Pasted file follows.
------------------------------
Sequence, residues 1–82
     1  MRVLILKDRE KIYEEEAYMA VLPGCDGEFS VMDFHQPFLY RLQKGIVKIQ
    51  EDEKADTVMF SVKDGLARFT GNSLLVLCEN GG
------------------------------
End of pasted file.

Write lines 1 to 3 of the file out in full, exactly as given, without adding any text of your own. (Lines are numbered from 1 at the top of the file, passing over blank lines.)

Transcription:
Sequence, residues 1–82
     1  MRVLILKDRE KIYEEEAYMA VLPGCDGEFS VMDFHQPFLY RLQKGIVKIQ
    51  EDEKADTVMF SVKDGLARFT GNSLLVLCEN GG